Bump, an app developer Google acquired last year, is bouncing back under the codename Copresence, an effort to deliver AirPlay-like file sharing that appears to be deeply integrated with Google+ Hangouts, sparking new privacy concerns.
Google's latest efforts to take nearby file sharing cross-platform from Android to iOS was profiled by Android Police, which described it as a "cross-platform version of Android Beam."
Android Beam is the NFC transfer system for Android that Google debuted in Android 4.0 Ice Cream Sandwich three years ago alongside Google Wallet. It uses an NFC 'bump' to configure a slow Bluetooth connection to transfer videos and other files between nearby users.
Samsung later introduced its own proprietary "S-Beam" that replaced Android Beam's slow Bluetooth link with WiFi Direct, but still used NFC in its initial "bump" configuration.
Both protocols' use of NFC to "bump-initiate" a file transfer played upon Bump, a popular iOS app from 2009 that used geolocation and accelerometer data between two devices to similarly set up a file transfer as an alternative to email or SMS.
There is no Bump
After NFC failed to gain traction, Google acquired Bump in September 2013, canceled its apps and turned off its servers, rendering what was once one of the most popular mobile apps (with more than 125 million downloads) worthless to all of its users.
However, by that time Apple had incorporated its own AirDrop feature into iOS 7. Rather than using a physical bump or an NFC tap, AirDrop uses Bluetooth 4.0 LE for efficient discovery of nearby users and Bluetooth+HS to allow wireless sessions to jump to WiFi for much faster data transfers.
"There's no need to wander around the room bumping your phone." Apple's Craig Federighi
Apple had earlier released AirDrop for Macs in OS X 10.7 Lion using different technology, because at the time Bluetooth 4.0 was not widely available. In the latest OS X 10.10 Yosemite, Apple now supports iOS-style AirDrop connections between Macs and iOS devices.
This summer, Apple's head of software Craig Federighi introduced an expansion of AirDrop-related features linking Macs, iPhones and iPads under the banner of Continuity, stating that "AirDrop is the easiest way to share with people around you. There's no need to wander around the room bumping your phone."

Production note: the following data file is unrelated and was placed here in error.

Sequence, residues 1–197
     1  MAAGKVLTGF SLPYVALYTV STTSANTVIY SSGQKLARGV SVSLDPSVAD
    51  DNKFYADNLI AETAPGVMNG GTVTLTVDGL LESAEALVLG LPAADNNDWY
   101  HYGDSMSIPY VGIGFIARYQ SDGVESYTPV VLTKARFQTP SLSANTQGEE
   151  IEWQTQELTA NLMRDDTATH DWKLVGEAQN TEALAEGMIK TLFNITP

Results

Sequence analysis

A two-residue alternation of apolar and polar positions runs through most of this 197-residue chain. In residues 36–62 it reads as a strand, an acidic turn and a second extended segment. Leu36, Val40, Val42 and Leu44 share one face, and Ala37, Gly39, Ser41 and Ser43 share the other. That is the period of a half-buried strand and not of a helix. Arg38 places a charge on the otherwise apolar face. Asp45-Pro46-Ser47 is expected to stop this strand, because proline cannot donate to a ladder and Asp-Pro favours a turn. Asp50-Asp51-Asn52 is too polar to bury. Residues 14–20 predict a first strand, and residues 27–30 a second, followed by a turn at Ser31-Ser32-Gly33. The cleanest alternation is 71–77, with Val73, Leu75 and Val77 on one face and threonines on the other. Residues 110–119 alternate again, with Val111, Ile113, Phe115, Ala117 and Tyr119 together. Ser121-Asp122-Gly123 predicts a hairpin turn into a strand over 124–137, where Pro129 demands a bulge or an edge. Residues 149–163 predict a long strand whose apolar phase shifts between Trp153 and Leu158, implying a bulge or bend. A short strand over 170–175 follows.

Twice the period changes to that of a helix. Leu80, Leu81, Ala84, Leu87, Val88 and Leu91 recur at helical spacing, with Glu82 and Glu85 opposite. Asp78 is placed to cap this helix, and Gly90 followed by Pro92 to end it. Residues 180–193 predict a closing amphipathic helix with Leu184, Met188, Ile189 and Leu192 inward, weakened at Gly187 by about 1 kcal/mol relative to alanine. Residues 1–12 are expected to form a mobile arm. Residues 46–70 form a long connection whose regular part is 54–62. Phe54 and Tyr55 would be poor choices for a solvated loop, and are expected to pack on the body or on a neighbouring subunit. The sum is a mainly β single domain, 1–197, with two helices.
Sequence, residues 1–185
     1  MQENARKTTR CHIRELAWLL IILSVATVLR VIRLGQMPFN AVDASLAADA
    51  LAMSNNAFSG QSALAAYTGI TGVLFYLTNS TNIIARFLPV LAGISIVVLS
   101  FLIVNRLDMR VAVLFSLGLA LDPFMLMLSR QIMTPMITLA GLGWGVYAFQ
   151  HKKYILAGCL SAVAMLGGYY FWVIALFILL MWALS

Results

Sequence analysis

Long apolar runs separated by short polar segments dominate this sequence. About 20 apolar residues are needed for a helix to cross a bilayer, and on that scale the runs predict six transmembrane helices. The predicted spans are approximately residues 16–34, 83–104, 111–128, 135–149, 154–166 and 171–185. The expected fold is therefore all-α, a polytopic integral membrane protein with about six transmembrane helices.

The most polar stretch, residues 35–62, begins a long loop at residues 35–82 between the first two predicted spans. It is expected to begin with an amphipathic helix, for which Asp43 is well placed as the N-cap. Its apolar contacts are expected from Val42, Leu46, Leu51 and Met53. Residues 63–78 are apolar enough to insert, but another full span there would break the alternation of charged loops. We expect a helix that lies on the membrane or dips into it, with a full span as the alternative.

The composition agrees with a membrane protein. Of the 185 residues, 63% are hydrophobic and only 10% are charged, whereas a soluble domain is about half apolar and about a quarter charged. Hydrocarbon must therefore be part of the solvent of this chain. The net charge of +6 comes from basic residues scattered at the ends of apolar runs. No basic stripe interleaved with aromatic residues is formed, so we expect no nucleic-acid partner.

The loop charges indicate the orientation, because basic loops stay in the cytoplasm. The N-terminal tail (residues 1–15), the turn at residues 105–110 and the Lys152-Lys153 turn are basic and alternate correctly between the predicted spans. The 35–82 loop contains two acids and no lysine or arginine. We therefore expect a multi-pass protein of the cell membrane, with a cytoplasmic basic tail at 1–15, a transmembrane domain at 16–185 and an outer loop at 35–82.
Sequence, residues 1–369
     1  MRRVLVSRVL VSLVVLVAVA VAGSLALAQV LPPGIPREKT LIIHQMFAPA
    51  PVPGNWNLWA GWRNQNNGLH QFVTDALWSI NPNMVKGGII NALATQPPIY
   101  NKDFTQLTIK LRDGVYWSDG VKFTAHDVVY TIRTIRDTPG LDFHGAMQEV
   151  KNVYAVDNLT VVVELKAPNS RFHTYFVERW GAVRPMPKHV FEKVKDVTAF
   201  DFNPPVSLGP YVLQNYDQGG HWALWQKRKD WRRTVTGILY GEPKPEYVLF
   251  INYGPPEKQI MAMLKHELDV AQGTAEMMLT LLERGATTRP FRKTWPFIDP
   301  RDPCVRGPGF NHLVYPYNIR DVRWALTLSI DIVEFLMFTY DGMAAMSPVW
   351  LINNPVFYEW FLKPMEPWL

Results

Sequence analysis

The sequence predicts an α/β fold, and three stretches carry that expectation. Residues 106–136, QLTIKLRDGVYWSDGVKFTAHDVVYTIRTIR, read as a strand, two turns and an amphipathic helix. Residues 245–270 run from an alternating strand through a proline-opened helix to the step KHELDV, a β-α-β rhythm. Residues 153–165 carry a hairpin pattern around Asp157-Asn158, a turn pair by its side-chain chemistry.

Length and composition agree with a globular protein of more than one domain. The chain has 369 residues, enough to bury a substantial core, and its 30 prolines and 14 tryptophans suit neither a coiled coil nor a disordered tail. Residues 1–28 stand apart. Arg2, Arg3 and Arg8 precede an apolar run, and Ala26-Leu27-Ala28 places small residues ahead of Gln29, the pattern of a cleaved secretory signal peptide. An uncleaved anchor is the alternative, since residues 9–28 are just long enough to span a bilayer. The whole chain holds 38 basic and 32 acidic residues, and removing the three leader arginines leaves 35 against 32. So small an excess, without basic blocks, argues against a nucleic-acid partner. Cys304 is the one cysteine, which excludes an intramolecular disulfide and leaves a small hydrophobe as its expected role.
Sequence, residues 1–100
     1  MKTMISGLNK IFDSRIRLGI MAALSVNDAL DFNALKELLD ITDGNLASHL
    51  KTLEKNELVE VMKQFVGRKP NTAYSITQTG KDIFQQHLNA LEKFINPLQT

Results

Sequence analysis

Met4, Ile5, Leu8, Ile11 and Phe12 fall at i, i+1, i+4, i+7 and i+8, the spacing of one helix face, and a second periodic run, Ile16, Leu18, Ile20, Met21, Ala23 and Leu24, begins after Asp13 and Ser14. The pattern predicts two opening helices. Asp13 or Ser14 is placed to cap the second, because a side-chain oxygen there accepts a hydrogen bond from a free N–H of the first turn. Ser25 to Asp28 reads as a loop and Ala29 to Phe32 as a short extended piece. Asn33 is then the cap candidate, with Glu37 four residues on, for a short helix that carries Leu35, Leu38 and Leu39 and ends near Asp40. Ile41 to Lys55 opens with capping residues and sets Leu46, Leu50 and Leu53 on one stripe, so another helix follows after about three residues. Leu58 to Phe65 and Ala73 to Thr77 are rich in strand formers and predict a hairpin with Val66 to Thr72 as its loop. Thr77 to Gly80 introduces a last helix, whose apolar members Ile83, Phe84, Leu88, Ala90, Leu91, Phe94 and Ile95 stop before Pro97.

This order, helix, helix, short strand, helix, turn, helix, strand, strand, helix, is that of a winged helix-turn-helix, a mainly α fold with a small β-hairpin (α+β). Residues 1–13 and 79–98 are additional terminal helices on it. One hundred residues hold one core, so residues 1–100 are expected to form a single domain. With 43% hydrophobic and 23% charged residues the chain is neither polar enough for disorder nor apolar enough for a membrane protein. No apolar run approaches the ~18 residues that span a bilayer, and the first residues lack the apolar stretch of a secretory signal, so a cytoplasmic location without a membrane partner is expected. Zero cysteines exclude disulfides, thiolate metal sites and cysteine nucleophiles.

While Apple has added NFC to iPhone 6 models, it only supports Apple Pay, preventing Google from porting its NFC-based Android Beam concept to iOS. The company has, however, developed an iOS version of Google Wallet that doesn't require NFC.
Apple has no apparent interest in making AirDrop work with Android devices, instead supporting file transfers via email or SMS. While Google could replicate AirPlay-style features using Bluetooth, most of its own Android installed base doesn't support the modern Bluetooth LE, which Apple began rolling out in 2011 while Google was focused on NFC.
Google ambitions are high
Using technology acquired from Bump last year, Google could not only bridge the gap between iOS and Android, but can also monitor every transaction that occurs to harvest data on user's behaviors.
Some of the Bump technology is protected in an IBM patent that Google reportedly now owns, creating a curious extension to the company's history of both benefiting from and demonizing patents.
"Besides basic information exchanges," Liam Spradlin wrote for Android Police, "it's unclear what other functionality may be coming in the future, but from our previous rumors it seems Google's ambitions are high."
Darrell Etherington, writing for TechCrunch stated that Google Copresence "would likely sport a strong integration with its Hangouts chat application, based on the graphics uncovered in the Services APK."
Google Hangouts— which is comparable to a combination of Apple's Messages and FaceTime, but with more collaborative group features— have already been ported to iOS, creating a cross platform tool to entice users to plug into Google's services.
However, while Apple's AirDrop, Continuity Handoff (below), Messages and FaceTime features are designed to sell Apple hardware, Google makes its money from collecting and selling user data and user-facing ads.
If it can gain broad adoption, Google's cross-platform Copresence features would give the company deep access to every document, photo, contact and map location that users share, because Bump's technology requires a server side-connection to work.
Apple has increasingly made user privacy a top selling point, noting that it the company isn't even interested in mass data collection tied to user profiles that defines modern social networks like Facebook and Google+.
The price of celebrity when you are the product
Google's efforts to monetize its Android user base with deep links between the company's public services and social profiles has resulted in a variety of privacy concerns, including one highlighted by ZDNet blogger Violet Blue earlier this year.
A transgendered woman who upgraded her phone to Android 4.4 KitKat was surprised to find that Google had folded SMS into Google+ Hangouts after the company looked up her new Google profile and advertised it to a coworker she texted.
"KitKat did indeed out me to a coworker. I am freaking out," the woman tweeted. "Somehow I didn't think through the potential consequences of Google+ embedding itself ever deeper into stock Android stuff."
She also noted, "I'm just glad I live in a state where it'd be illegal to fire me."
The column stated that "Google's response was that her outing was 'user error' - Google blamed her, the user for not understanding the new, confusing integration."
The outing occured just weeks after Google revealed plans to begin scraping user's Google+ profile photos for use in advertising in a program it called "shared endorsements."